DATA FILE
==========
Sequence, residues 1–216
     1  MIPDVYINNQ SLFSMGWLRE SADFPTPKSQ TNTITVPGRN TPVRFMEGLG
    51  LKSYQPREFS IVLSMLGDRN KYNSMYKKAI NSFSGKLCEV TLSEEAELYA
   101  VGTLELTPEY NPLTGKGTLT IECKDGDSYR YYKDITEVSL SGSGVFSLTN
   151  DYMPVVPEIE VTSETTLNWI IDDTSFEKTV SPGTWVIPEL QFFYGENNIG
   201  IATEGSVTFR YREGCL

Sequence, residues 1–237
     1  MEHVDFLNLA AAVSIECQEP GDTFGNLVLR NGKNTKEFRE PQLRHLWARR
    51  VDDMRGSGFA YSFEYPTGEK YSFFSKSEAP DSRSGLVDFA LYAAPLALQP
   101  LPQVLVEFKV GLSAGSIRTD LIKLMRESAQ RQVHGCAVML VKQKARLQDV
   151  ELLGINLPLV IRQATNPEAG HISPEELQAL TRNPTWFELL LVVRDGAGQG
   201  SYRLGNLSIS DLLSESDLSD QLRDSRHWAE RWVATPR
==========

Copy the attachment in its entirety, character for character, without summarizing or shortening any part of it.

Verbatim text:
Sequence, residues 1–216
     1  MIPDVYINNQ SLFSMGWLRE SADFPTPKSQ TNTITVPGRN TPVRFMEGLG
    51  LKSYQPREFS IVLSMLGDRN KYNSMYKKAI NSFSGKLCEV TLSEEAELYA
   101  VGTLELTPEY NPLTGKGTLT IECKDGDSYR YYKDITEVSL SGSGVFSLTN
   151  DYMPVVPEIE VTSETTLNWI IDDTSFEKTV SPGTWVIPEL QFFYGENNIG
   201  IATEGSVTFR YREGCL

Sequence, residues 1–237
     1  MEHVDFLNLA AAVSIECQEP GDTFGNLVLR NGKNTKEFRE PQLRHLWARR
    51  VDDMRGSGFA YSFEYPTGEK YSFFSKSEAP DSRSGLVDFA LYAAPLALQP
   101  LPQVLVEFKV GLSAGSIRTD LIKLMRESAQ RQVHGCAVML VKQKARLQDV
   151  ELLGINLPLV IRQATNPEAG HISPEELQAL TRNPTWFELL LVVRDGAGQG
   201  SYRLGNLSIS DLLSESDLSD QLRDSRHWAE RWVATPR